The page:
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Former priest convicted of historic child abuse

Former priest convicted of historic child abuse

Tue 11 October 2016

A former priest of the Diocese of Canberra & Goulburn has pleaded guilty and been convicted of 15 charges of historic child sexual abuse. He was sentenced in Wagga Wagga District Court on 11 October 2016 to 16 years imprisonment with a non-parole period of six-and-a-half years.

The Diocese has been working with NSW Police to see the matter resolved and endeavoring to care for those who have been harmed by the person in question.

Bishop Stuart Robinson, current Bishop of the Diocese of Canberra and Goulburn, acknowledged the significant failure of the Church in past decades to deal with offenders or to provide respectful, caring and compassionate treatment for victims of such sexual offenders in the Church.

Bishop Robinson said today, “I apologise unreservedly to all those who have been affected by such offenders. I have a firm resolve that our procedures should provide justice and care for victims and the Diocese is working with energy and commitment to do as much as we can to rectify our past mistakes.”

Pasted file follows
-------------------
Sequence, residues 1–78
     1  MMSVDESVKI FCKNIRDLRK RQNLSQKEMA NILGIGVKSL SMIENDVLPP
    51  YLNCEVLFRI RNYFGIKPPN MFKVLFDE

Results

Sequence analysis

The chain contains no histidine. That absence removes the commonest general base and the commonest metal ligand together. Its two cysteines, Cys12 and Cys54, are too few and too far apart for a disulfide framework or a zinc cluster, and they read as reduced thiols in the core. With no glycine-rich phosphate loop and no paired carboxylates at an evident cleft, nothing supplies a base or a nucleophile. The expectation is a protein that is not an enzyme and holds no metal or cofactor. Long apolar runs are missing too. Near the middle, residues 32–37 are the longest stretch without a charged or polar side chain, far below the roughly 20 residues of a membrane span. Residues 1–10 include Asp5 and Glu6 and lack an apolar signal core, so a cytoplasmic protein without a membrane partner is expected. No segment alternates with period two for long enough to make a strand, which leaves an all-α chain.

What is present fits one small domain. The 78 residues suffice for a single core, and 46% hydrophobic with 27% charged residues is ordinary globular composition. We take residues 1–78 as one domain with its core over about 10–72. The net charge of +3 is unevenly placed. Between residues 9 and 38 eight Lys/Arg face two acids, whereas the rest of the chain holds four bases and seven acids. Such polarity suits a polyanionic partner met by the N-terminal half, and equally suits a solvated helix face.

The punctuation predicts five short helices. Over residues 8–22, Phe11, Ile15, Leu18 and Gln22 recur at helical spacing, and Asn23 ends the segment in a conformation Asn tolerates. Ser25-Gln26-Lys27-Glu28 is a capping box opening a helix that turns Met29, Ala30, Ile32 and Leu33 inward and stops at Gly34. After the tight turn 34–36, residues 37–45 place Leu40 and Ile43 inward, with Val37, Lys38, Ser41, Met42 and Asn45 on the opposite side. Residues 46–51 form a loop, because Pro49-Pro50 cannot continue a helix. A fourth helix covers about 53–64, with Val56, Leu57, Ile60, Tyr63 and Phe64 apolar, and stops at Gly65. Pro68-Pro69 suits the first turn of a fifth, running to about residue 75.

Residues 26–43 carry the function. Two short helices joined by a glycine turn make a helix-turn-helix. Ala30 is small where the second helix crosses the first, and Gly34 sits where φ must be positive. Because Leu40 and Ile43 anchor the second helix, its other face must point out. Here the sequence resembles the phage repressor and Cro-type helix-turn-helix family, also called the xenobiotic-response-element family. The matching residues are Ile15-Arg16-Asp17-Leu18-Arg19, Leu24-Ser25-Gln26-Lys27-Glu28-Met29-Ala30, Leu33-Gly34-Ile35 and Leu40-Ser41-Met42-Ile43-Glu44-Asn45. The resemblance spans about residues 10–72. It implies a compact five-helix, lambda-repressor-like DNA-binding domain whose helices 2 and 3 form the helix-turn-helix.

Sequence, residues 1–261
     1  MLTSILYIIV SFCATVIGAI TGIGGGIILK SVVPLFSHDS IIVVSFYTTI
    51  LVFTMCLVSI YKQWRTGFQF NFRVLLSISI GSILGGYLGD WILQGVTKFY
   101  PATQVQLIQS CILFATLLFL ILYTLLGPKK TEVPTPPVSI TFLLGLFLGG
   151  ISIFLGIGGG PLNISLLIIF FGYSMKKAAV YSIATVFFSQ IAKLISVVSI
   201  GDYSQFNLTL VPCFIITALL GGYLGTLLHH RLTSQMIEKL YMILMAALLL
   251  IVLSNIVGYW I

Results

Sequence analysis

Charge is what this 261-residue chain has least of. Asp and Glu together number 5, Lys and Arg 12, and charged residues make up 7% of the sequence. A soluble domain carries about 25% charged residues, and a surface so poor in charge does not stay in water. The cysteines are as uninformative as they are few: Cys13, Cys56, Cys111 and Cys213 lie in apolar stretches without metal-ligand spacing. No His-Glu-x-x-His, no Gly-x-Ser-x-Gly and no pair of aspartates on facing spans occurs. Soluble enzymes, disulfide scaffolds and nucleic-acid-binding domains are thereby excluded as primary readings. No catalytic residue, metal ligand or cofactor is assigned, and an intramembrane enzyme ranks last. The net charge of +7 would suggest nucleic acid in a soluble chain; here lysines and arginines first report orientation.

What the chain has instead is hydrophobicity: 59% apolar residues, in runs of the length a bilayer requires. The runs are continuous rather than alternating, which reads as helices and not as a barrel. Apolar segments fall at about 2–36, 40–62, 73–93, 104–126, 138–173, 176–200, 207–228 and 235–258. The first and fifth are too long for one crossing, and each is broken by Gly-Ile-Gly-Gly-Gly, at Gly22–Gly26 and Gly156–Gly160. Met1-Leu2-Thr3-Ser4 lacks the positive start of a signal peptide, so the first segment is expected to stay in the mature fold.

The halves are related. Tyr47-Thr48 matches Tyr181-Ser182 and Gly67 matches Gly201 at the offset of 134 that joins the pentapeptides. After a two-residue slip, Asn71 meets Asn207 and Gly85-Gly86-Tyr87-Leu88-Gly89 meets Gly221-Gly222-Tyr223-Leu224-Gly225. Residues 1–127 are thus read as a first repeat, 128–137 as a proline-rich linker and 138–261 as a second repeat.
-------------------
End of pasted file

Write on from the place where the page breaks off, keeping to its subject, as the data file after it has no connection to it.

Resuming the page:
He said that the Diocese has established protocols to ensure it does all it can to provide within the Church a safe environment for all people. Consequently, the Diocese takes complaints made against Church workers with utmost gravity and applauds the courage of those who have come forward to report the harm perpetrated against them.

Often it is only because those harmed have taken such a courageous step, that the criminal justice system is able to prosecute those who have offended against the vulnerable. The Diocese recognizes that the pain, hurt and distress caused by the abuse is deep and often lifelong.

As a result of a victim willing to tell their story, a formal complaint against the person in question was received enabling a thorough investigation to be instigated in 2007. Subsequent to the investigation, disciplinary action led to him being deposed from holy orders, which means he is no longer a priest, which is the most serious action the church can take.

The Diocese has implemented major changes in the care of those who have been harmed by the church. These new processes and procedures continue to be regularly evaluated.

These processes enable the Church to deal with complaints made against Church workers in a rigorous, transparent and more timely way and to provide responses and results designed to assist those who have been harmed to move towards recovery and healing.

The Diocese encourages anyone who has endured abuse or been mistreated by individuals or groups connected with our Diocese to contact either the Police or our Professional Standards Director on 1800 070 511.

This story was updated on 12 October following sentencing. The man has not been named for legal reasons.

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